A year ago, Bend solar-power startup AC Solar Technology did not even exist.
Last week, CEO Glenn Harris presented his company’s product, a solar module, to industry representatives from the United States, France and Switzerland at a startup conference in San Francisco.
And this week, AC Solar Technology expects to receive its ETL Listed Mark, which shows the modules meet Underwriters Laboratory safety standards, and which will allow the company to start production.
AC Solar Technology’s Blue Leaf 210W AC module, which is essentially a small solar electrical system, has the potential to open up the solar market to small commercial and residential users, Harris said. It simplifies solar power installation.
Photovoltaic systems produce DC, or direct current. Most electrical appliances in a home use AC, or alternating current. So most solar systems need wires that lead from the solar panels to an inverter, which converts direct current into alternating current. The wires continue from the inverter to the building’s electrical system.
The Blue Leaf module essentially removes the direct current portion. It has no DC wiring or components and uses AC from the modules to the power grid, according to a company news release. It has a single AC line leading from the inverter on the back panel. It’s like an extension cord, Harris said.
“We think the market is going to like a little 200 watt solar system,” he said. “That’s not something that’s been done before.”
Removing the DC part of the equation also simplifies installation for electricians, he said.
Costs for solar electric systems can vary, depending on the size, the system rating, installer and other factors, according to the U.S. Department of Energy. On average, the costs run $8 to $10 per watt, before rebates or tax credits.
Harris estimates a Blue Leaf module, which measures about 5 feet by 3 feet, will cost $5 per watt installed, or about $1,500, after rebates and credits.
Before his work with AC Solar Technology, Harris worked for Bend-based PV Powered, which makes inverters, both as its president and also a consultant. He also served as CEO of SunCentric, a Grants Pass company that provides a variety of services for solar power firms.
Harris does not believe AC Solar will compete with PV Powered, at least not directly. PV Powered does not make small-sized inverters or modules, he said.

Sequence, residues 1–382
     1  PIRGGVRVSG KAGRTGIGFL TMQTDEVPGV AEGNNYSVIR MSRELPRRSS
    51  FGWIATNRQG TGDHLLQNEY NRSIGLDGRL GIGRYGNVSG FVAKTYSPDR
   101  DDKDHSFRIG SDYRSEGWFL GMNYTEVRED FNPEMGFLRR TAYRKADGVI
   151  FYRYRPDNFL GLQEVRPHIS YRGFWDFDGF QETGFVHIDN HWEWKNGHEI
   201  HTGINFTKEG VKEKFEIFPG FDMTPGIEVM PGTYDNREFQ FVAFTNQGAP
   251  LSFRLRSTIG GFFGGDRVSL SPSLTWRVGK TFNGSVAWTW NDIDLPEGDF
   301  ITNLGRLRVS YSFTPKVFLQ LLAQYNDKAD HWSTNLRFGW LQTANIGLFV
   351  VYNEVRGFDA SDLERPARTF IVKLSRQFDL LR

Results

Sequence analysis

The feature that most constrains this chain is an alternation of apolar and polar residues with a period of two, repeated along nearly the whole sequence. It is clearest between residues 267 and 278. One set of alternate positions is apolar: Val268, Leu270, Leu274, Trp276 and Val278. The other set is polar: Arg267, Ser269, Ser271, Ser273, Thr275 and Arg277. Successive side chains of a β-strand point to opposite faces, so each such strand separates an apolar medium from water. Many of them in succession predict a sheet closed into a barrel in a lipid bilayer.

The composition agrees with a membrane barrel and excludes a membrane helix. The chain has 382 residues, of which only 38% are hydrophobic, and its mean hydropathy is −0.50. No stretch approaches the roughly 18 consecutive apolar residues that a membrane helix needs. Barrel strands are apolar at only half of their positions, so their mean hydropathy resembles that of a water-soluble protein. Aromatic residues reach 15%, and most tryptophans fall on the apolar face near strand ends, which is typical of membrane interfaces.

Founded in the middle of last year, Harris said AC Solar Technology does not have a real office.
But it’s looking to get one.
With its certification in hand, the company will be able to start manufacturing, first at a temporary location, he said. AC Solar, which expects to employ about 150 workers by the end of its third year, also has been seeking a permanent site, but Harris said he’s not optimistic it will be in Oregon.
The climate in the state has become uncertain with the debate over the Business Energy Tax Credit, sparked after its estimated $4 million cost expanded to $167 million in lost revenues .
Harris understands, he said, how that leaves lawmakers to make tough decisions, balancing the state’s need for tax revenue with its desire to encourage renewable energy.
Other criteria also factor into the decision on where to locate, Harris said, not just government incentives. Along with Oregon, he said, other states in the running are Arizona, Delaware and Michigan.
Arizona, with its abundant sunshine, major population centers and transportation infrastructure, is attractive, Harris said. In one morning in Phoenix, he saw about 10 buildings and 1 million square feet of real estate.
“Some of the other states are chomping at the bit,” he said.
Harris expanded on his company’s product and market in an interview with The Bulletin.
Q: What makes your product different?
A: The new technology is the box on the back. It takes the DC power right at the back and turns it into … AC. You could put one on your back fence. … You could put one on your roof and wire it right into a 110 (volt line). It’s just three regular wires going into your fuse box. You could walk into Costco and buy this thing. Basically, you enable everybody.
Q: Where does it fit within the solar power market.
A: (It has the) potential to open up lots of different markets. Our interest is expanding the residential market. (It’s a) market expansion device.
Q: Where is AC Solar Technology located presently?
A: We don’t have official offices at the moment. We’re looking for a place to call home. It’s time to put the stake in the ground. We’re going to build the modules. I think we’re pretty well ready to start manufacturing. The question will be where.
Q: What are the considerations?
A: It’s really not a competition, per se. It’s not like they walk in and hand you a check and say thanks for being here. It really comes down to: Is it a great place to build? How’s the transportation system? What the state does is icing on the cake.